|Race of Death
Author: Ruby-slippers-9 PM
I put a hand to my swollen stomach and feel the kick of my unborn eighth child. I want to tell it to run, run far away from me. I want to tell it I'm sorry for ever linking myself to the Mountain, to have my name given to this weird couple with magical powers to be "Chosen" by the "Spirits" .Rated: Fiction T - English - Adventure - Chapters: 3 - Words: 1,472 - Reviews: 2 - Follows: 1 - Updated: 10-03-12 - Published: 06-13-12 - id: 3031803
|A+ A- Full 3/4 1/2 Expand Tighten|
Race of Death
I put a hand to my swollen stomach and feel the kick of my unborn eighth child. I want to tell it to run, run far away from me. I want to tell it I'm sorry for ever linking myself to the Mountain, to have my name given to this weird couple with magical powers to be "Chosen" by the "Spirits" . I want to tell it a million things, but I can't tell it anything for another three months. And it might already be dead by then. I can't stop the tears from rolling down my face, of rage and anger, of sorrow and grief. But I feel the rough, worn hand on my shoulder, and the dry, cracked lips settling on my cheek in a warm kiss.
"Hey, Sally." Mister Smith sat down next to me and caressed my stomach in his hands. Mister was my husband. His father died as he was born, and called him his Little Mister on his deathbed. He has fathered my other seven kids. Meggie is nineteen next Tuesday, twins Lucinda and Janice are nearly thirteen, Little Mister is ten, Marcus is four and Johnnie and Carla are two year old twins.
He is linked to the Mountain too, and Meggie is as well. Once Lucinda and Janice turn eighteen they will have to be too. It's the law that all eighteen-year-olds are linked to the Mountain. If they aren't, they are sentenced to death on their next birthday.
People think it is unlucky to have a lot of kids, but I think it's quite good. If you have four or more kids aged ten or over then the others get a large discount off their school fees. But a lot of mothers smuggle their children out of the country before they turn eighteen to stop the linking ceremony. I actually tried to get my Meggie to leave, but she wouldn't. She said she had to be there for me and the kids, as most of the others were born and I was pregnant with Johnnie and Carla.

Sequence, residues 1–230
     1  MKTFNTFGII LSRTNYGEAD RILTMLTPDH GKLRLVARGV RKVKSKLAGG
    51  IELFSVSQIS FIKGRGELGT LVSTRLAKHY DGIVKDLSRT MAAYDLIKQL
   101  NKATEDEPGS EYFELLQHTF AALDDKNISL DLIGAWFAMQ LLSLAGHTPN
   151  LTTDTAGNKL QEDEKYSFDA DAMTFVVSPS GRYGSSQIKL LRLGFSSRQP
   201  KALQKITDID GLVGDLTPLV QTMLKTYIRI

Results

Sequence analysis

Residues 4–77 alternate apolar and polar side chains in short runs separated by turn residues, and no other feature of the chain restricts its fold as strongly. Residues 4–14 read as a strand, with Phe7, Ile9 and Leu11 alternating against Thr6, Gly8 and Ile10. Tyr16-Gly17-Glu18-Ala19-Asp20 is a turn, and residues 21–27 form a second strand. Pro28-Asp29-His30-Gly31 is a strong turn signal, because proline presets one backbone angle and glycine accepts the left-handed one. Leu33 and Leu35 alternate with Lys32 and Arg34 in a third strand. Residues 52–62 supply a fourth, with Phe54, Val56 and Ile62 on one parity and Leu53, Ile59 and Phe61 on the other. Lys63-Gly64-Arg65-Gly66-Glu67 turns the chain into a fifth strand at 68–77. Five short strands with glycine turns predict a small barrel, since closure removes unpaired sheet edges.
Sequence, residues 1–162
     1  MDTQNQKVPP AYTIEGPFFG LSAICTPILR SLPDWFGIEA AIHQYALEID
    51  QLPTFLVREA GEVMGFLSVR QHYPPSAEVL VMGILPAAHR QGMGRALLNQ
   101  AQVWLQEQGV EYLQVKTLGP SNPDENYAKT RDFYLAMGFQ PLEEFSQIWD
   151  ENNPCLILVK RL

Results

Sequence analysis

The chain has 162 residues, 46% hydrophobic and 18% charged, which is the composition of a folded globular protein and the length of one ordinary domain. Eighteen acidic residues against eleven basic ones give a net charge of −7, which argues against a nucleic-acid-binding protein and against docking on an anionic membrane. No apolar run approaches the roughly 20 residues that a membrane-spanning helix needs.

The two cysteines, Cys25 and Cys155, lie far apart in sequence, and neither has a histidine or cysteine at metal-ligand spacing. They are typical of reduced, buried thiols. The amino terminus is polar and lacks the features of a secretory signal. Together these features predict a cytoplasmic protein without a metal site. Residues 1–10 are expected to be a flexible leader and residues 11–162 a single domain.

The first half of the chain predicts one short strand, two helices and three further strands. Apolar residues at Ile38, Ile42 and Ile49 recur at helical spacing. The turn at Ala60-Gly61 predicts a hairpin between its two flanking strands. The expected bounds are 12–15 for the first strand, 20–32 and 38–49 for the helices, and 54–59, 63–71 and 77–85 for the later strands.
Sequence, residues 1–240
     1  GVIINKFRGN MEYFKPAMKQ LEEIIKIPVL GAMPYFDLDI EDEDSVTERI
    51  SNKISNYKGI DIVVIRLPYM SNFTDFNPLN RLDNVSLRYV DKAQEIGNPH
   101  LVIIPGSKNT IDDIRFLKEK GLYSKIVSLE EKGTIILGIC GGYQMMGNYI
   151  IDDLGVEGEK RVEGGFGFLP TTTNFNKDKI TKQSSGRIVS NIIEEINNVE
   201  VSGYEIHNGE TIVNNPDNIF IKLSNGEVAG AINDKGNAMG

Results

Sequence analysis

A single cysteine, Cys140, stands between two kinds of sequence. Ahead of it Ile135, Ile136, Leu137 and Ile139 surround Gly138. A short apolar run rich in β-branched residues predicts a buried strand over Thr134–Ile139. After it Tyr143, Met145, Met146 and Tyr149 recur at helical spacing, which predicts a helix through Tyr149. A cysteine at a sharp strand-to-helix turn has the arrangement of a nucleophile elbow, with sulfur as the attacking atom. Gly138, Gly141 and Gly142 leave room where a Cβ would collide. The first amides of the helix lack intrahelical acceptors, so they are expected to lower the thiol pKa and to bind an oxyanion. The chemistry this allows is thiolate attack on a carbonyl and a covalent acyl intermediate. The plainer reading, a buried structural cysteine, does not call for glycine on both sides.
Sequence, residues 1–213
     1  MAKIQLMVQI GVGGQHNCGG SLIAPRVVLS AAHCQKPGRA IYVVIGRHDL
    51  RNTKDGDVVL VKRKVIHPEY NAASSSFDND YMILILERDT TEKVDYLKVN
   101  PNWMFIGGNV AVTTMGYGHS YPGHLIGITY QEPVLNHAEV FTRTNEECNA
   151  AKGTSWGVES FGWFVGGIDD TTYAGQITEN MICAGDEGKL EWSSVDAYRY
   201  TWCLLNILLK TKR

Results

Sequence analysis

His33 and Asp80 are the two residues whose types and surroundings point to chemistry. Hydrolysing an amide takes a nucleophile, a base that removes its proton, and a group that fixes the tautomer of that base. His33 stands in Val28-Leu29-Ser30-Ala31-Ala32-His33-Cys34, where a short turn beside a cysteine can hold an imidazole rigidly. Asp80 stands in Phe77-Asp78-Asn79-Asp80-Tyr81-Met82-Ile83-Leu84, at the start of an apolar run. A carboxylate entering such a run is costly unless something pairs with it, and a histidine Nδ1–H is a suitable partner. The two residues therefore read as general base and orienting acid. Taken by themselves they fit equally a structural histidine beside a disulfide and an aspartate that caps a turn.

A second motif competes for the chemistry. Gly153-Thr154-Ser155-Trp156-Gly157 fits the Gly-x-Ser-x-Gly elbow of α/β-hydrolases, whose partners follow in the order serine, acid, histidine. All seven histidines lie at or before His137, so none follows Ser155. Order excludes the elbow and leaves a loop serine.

"Only tonight left before the Ceremony!" Mister squeezed my hand. I squeezed it back, and then let it fall. Just then, Meggie walked in, a twin on each hip and one at each side.
"These two little monkeys will not get to sleep, and these two need their medicine." Meggie jiggled Carla and Johnnie until they squealed. Mister stood up and led Janice and Lucinda to the kitchen for their medicine.
"Little Mister and Marcus are both asleep!" Janice popped her head in through the doorway.
"What good boys." My voice was expressionless. What if I was picked tomorrow? What if my newborn baby died of cold, laid in a dark and gloomy cave, huddled up for warmth? What if…
"Mum?" Meggie put a hand on my shoulder. "Are you OK?"
"Fine. I'm just… fine." She could sense the doubt in my voice. I hate lying to any of my children.
"What's up, eh? Not feeling too good?" she sounded like my mum when she said that. I almost cried. She was there for me. I couldn't cry. Not in front of the kids.
"Is it about tomorrow? I won't let you go, Mum. You won't climb that mountain. Dad wouldn't let you either." She didn't realise she was linked to the Mountain too.
"I'm linked too, you know. It might be me!"
Oh. She remembered.
"Get to bed, Meggie. Everything will be alright in the morning, I promise. Now get to bed." She obediently kissed me and climbed the stairs, Johnnie and Carla giggling all the way up. And I was left on the sofa, whilst Janice, Lucinda and dear old Mister walked up the stairs to bed. I cried myself to sleep, full of fear for the next day.